Synth Site: Yamaha: CX-5M Music Computer: User reviews Add review
Average rating: 3.8 out of 5
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tone a hobbyist user from england writes:
I have one i got when i worked for a music shop,picked it up for about ninety quid to see if i could get into music with computers.There are(or was) two cartridges,one is the yrm102 fm voicing program and the other(lost now)is the sequencer,which i believe you need to run the cx5m in midi mode alongside other midi gear,i have manuels for both my cartridges and have just had the thing out he loft to see if i could hook it up to cubase but alas,without that midi sequencer cartridge this is doing it. Has anyone got stuff for this pioneer of music workstations that they are looking to sell,i may be interested.Also,does anyone find the power supply jack awkward when connecting to the computer or is it just mine.Comments appreciated

Rating: 4 out of 5 posted Tuesday-Jul-15-2003 at 17:51
markku a hobbyist user from Finland writes:
Wadda... There are still those who remember and even use this workstation(?). I think I have mine buried somewhere and still operational, hopefully.Bought it to program my FB01s, (which are still kicking!) and, to my amazement, the D/A-converters here are better than in those boxes; brighter hi-end and far less alias noise!

It came w/ minikeyboard, disk drive (an xpensive commodity as hell in those days), sequencer module (step-entry) and voicing modules. The sequencer was not used very heavily, due to the tacky input method and my very limited ability to read music...

Hmm, should I really go retro and leave my Mac and LogicAudio, I still have that B/W TV-set for monitor...

Rating: 3 out of 5 posted Thursday-Jun-06-2002 at 07:06
alan wheeler a hobbyist user from UNITED STATES writes:

posted Friday-Apr-12-2002 at 11:12
Ron Bacardi a part-time user from UK writes:
This is a great little workstation! I've booted it up very recently and it was a joy to just switch the thing on - and it was ready to go - no waiting round for a Windoze or wacky-Maccy operating system to load.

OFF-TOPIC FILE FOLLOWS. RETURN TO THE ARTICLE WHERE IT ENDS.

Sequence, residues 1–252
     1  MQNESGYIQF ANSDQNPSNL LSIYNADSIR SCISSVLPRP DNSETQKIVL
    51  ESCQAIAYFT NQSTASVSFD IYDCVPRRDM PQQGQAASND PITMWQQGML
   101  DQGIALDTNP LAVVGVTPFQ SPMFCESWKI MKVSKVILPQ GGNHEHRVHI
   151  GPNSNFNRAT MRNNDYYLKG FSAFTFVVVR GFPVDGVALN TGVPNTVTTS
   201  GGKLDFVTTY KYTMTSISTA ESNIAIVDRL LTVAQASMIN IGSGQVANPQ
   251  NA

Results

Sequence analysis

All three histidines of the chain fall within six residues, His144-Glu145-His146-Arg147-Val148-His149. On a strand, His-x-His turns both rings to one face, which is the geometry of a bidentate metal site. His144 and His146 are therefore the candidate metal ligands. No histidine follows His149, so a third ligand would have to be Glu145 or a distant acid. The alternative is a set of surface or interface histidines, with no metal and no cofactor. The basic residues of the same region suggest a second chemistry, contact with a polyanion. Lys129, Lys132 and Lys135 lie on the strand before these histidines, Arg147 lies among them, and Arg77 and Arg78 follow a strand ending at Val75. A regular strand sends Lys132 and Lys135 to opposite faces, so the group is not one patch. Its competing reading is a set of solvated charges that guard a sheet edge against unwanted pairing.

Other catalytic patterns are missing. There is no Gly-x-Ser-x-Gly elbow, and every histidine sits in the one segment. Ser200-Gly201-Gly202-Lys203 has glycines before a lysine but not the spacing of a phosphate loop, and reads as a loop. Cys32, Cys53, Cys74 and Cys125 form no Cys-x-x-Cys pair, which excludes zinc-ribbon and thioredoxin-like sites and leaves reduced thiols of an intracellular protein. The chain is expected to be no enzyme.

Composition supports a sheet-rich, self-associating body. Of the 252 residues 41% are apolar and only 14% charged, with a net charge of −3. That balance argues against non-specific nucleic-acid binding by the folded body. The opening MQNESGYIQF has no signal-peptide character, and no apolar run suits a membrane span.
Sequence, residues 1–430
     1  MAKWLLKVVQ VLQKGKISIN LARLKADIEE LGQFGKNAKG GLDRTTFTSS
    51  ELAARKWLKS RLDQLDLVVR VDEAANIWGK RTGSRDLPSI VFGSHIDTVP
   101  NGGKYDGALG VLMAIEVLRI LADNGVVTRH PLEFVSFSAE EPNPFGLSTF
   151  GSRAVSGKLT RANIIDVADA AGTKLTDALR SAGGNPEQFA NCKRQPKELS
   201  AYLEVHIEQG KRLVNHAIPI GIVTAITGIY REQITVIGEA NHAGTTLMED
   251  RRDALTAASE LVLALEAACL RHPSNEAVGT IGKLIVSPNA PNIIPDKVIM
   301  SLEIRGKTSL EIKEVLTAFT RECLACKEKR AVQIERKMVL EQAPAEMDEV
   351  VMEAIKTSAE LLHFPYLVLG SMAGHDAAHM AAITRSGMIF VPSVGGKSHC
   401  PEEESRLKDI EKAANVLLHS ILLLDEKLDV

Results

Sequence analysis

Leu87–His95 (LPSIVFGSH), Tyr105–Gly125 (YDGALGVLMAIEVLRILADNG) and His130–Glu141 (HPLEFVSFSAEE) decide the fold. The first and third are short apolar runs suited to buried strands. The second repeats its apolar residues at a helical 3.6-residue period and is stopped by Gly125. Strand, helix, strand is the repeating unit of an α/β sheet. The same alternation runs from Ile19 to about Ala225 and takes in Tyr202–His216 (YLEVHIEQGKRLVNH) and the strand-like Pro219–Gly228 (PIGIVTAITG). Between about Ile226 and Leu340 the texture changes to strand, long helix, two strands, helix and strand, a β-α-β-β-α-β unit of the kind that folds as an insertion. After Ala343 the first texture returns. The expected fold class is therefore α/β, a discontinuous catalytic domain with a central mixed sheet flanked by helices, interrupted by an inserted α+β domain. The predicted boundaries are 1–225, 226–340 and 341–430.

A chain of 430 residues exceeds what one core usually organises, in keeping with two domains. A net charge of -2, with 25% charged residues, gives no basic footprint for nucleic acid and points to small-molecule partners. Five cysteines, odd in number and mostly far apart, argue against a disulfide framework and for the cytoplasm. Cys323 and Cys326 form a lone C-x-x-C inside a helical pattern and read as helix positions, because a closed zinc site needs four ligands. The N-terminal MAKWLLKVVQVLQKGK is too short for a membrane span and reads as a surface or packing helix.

I got my first (I've got 2!) in 1987, which I paid about 80/90 quid for, and it came with the Yammy cartridges for sequencing and patch creation - a nightmare (the sequencer) to use, but I did get one or two plinky-plonky things out of it.

The 2nd I got in '91, which had this 'DMS1' realtime sequencer with it (no manual!) - spent about 2 weeks figuring it out, and churned out loads of stuff between '91 and '95. The DMS cartridge makes all the difference - very easy to use, and with 53 extra voices burned into the cartridge. I did eventually get a manual, and an extra cartridge about a year later (phew!)

OK, only 8 note polyphony, but with a few extra bits and some outboard, you're away! Tape laoding/saving these days may seem painful, but it's the same as jigging around with all the new kit - and the quick reboots help! As mentioned by others, it's a good master or slave sequencer, and there's fun to be had with the little monster!

Friends who had them and sold them have regretted their decisions as the years wear on, as it really is both a great way for making unique sounds, from analogue overdrive and blips/squeeks to some quite convincing string, and the DMS1 sequencing software is a breeze (for MSX) - and I'm gonna carry on using it!

Rating: 5 out of 5 posted Sunday-Feb-24-2002 at 16:12
Michael a hobbyist user from WI, USA writes:
I have a CX5m that I was given recently. It's actually a pretty interesting unit for what it is. The fact that it doesn't measure velocity is its only real short-coming. You can hook it up to a tv and model new voices as you would with an analog synth; all the filters are there and even a cheesy little drum machine. It also works well as a midi-controller considering its age. I'm looking to sell the CX5M with the Floppy drive and YK10 Keyboard if anyone is looking for a fully functional unit, email me to discuss price at

Rating: 4 out of 5 posted Sunday-Dec-30-2001 at 18:44
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